AMARILLO, TX – A question that is commonly asked is: “Can a physician sell wound care supplies to his/her Medicare patients?” In answering this question, we need to look at (i) the federal anti-kickback statute (“federal AKS”), (ii) the federal Stark physician self-referral statute (“Stark”), and (iii) applicable state law.
The federal AKS prohibits a person/entity from knowingly or willfully offering, paying, soliciting, or receiving remuneration in exchange for (i) referring (or arranging for the referral of) patients for items or services covered by a federal health care program (“FHCP”) or (ii) recommending the purchase of an item or service reimbursable by an FHCP.
An argument can be made that the federal AKS does not apply because a “referral” presupposes two parties (e.g., ABC refers to XYZ…and XYZ compensates ABC). And so the argument is that if a physician refers to himself/herself, there are not two parties and, therefore, the federal AKS is not implicated. The physician and his/her attorney will need to determine the merits of this argument.
While one can argue that the federal AKS does not apply to self referrals, it is clear that Stark does apply to self-referrals. Stark prohibit physicians from referring Medicare/Medicaid patients for designated health services (“DHS”) to an entity with which the physician or his/her immediate family member has a financial relationship…unless a Stark exception is met. While the Stark definition of DHS includes DME, wound care supplies are covered by Medicare under the “surgical dressings” category which, at present, is not included in the Stark definition of DHS. Therefore, Stark does not apply.
Applicable State Law
Every state has its own anti-kickback statute (“state AKS”). State AKSs are similar to the federal AKS. Some state AKSs apply only if the payor is the state Medicaid program. Other state AKSs apply if the payor is the state Medicaid program or a commercial insurer. And other state AKSs apply if the payor is the state Medicaid program or a commercial insurer or a cash-pay patient.
Many states have a physician self-referral statute that is similar to Stark. The physician and his/her attorney will need to determine if the physician’s state has a physician self-referral statute and, if it does, whether the statute applies to the sale of wound care supplies by physicians.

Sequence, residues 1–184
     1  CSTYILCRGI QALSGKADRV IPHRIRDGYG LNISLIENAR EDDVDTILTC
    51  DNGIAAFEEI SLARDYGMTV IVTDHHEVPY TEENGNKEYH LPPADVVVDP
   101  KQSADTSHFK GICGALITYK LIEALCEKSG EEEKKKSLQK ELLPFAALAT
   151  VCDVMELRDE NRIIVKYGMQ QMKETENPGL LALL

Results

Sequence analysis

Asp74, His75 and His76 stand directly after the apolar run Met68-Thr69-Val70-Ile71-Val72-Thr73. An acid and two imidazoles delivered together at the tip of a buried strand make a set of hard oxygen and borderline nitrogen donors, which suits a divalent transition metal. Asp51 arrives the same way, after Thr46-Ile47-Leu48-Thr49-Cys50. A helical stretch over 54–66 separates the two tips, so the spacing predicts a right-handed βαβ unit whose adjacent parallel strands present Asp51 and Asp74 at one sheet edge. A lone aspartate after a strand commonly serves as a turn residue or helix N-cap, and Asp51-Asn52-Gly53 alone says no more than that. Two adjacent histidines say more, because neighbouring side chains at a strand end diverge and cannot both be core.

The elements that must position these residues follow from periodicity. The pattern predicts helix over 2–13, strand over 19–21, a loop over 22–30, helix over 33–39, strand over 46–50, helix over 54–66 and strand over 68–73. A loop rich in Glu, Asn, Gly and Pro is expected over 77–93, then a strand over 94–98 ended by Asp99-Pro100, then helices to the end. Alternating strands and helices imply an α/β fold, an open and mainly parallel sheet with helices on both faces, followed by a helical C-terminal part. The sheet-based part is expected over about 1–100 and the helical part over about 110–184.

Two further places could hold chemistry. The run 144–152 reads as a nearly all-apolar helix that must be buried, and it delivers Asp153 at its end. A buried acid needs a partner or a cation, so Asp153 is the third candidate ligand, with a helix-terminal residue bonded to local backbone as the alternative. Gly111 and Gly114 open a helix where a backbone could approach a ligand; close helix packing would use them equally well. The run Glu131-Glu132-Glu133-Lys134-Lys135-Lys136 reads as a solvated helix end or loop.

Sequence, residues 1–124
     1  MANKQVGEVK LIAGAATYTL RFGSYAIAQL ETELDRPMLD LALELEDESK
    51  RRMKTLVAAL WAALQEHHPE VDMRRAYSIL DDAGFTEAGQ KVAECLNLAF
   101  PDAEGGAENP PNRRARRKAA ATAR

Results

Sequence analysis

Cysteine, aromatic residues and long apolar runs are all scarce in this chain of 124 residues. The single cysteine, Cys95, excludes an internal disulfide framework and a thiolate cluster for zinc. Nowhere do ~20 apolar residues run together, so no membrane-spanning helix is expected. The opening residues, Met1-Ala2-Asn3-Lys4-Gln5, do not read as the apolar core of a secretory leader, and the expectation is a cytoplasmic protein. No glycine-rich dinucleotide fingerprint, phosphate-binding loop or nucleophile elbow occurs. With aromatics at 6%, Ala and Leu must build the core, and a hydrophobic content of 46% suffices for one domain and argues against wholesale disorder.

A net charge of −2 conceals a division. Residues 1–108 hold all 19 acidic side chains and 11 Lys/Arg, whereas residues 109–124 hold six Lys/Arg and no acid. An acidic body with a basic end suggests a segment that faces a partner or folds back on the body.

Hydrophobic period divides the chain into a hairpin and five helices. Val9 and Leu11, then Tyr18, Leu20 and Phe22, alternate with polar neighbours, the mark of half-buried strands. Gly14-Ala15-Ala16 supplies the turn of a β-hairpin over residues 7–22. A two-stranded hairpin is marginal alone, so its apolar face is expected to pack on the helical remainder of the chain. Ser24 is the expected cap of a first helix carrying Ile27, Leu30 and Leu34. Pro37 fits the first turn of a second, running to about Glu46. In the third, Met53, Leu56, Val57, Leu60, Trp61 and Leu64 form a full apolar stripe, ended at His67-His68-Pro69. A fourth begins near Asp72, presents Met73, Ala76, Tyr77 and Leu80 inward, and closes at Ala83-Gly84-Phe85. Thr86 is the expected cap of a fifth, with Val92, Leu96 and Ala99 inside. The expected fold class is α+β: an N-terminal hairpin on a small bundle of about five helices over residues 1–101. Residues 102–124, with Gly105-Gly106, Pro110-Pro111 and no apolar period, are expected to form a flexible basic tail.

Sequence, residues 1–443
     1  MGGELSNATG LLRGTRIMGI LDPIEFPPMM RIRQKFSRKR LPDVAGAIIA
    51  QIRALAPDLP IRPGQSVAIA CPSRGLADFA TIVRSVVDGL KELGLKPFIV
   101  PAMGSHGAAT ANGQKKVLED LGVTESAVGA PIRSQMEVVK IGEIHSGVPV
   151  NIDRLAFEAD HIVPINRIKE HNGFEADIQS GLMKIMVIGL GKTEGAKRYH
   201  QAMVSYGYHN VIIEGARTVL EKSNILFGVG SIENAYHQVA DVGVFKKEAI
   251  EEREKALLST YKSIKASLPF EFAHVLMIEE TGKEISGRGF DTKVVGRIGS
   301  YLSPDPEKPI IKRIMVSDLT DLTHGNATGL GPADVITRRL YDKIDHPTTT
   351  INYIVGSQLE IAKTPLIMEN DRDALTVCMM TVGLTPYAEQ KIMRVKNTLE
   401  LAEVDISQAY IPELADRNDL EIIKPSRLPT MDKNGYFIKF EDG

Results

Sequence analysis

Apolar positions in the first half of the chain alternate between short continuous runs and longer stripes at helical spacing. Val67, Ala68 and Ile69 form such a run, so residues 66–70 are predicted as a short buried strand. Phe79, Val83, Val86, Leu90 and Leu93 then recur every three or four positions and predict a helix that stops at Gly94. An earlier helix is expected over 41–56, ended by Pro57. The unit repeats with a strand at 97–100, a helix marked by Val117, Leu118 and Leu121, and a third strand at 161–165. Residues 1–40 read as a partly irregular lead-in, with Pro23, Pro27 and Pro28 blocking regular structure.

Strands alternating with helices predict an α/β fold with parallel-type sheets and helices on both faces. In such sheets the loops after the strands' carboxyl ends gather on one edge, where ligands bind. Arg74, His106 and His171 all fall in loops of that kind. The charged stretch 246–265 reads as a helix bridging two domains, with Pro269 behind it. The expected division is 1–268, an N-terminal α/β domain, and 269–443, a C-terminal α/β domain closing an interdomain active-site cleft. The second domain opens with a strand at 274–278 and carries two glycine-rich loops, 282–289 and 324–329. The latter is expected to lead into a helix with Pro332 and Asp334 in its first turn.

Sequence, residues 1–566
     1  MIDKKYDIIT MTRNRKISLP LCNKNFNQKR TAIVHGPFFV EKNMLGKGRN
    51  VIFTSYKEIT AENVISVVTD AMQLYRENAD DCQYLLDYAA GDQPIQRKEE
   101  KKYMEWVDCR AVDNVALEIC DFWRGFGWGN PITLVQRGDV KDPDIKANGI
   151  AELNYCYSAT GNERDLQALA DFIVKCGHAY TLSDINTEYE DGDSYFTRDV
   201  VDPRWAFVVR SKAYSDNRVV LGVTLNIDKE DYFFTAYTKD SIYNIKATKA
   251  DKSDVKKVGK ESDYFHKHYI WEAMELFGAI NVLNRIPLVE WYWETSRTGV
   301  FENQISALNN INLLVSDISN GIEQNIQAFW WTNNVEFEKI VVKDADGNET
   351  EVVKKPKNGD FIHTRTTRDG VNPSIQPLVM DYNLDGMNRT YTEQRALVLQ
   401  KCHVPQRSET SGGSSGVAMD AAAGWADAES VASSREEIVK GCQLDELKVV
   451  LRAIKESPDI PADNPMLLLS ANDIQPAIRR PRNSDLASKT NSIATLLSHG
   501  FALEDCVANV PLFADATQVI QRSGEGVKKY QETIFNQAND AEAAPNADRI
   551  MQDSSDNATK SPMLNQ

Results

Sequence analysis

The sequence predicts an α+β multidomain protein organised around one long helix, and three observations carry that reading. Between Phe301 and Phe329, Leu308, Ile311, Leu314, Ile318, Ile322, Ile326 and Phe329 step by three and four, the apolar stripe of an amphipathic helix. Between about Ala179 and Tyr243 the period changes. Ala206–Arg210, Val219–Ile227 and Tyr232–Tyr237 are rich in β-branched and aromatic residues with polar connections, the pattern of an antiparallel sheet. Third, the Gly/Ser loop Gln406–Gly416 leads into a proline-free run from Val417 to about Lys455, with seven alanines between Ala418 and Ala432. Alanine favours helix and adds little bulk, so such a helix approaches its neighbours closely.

Every state has a Medical Practices Act (“MPA”) that is specific to physicians. The physician and his/her attorney will need to examine the MPA to determine if it addresses the scenario in which a physician sells wound care supplies to his/her patients.
Most states require some type of DME license. DME licensure requirements vary from state to state. As to whether wound care supplies fall within a state’s DME licensure requirements depends on the wording of the state statute.
AAHomecare’s Retail Work Group
The Retail Work Group is a vibrant network of DME industry stakeholders (suppliers, manufacturers, consultants) that meets once a month via video conference during which (i) an expert guest will present a topic on an aspect of selling products at retail, and (ii) a question and answer period will follow. The next Retail Work Group video conference is scheduled for September 10, 2020, at 11:00 a.m. Central. Barry Hassett of CAIRE will address “Co-Op Advertising.” Participation in the Retail Work Group is free to AAHomecare members. For more information, contact Ashley Plauché Manager of Member & Public Relations, AAHomecare (email@example.com).
AAHOMECARE’S EDUCATIONAL WEBINAR
Collaborative Arrangements with Physicians, Hospitals and Other Referral Sources
Presented by: Jeffrey S. Baird, Esq., Brown & Fortunato, P.C.
Tuesday, September 29, 2020
1:30-2:30 p.m. CENTRAL TIME
The lifeblood of a DME supplier is to develop relationships with physicians, hospitals and other referral sources. In so doing, it is important that the supplier avoid violating federal and state anti-fraud laws. This program will discuss the federal anti-fraud laws that suppliers must follow, including the federal anti-kickback statute, the Stark physician self-referral statute, the False Claims Act, the beneficiary inducement statute, and The Travel Act. The program will also discuss examples of state anti-fraud laws. The program will then pivot to a discussion of the types of arrangements that are legally permissible … and those that should be avoided. Examples include Medical Director Agreements, Preferred Provider Agreements, placement of employee liaisons, meals to physicians’ staffs, gifts to physicians, payment to physicians for providing education programs, and loan closet arrangements.
Jeffrey S. Baird, JD, is chairman of the Health Care Group at Brown & Fortunato, PC, a law firm with a national health care practice based in Texas. He represents pharmacies, infusion companies, HME companies, manufacturers and other health care providers throughout the United States. Baird is Board Certified in Health Law by the Texas Board of Legal Specialization, and can be reached at (806) 345-6320 or firstname.lastname@example.org.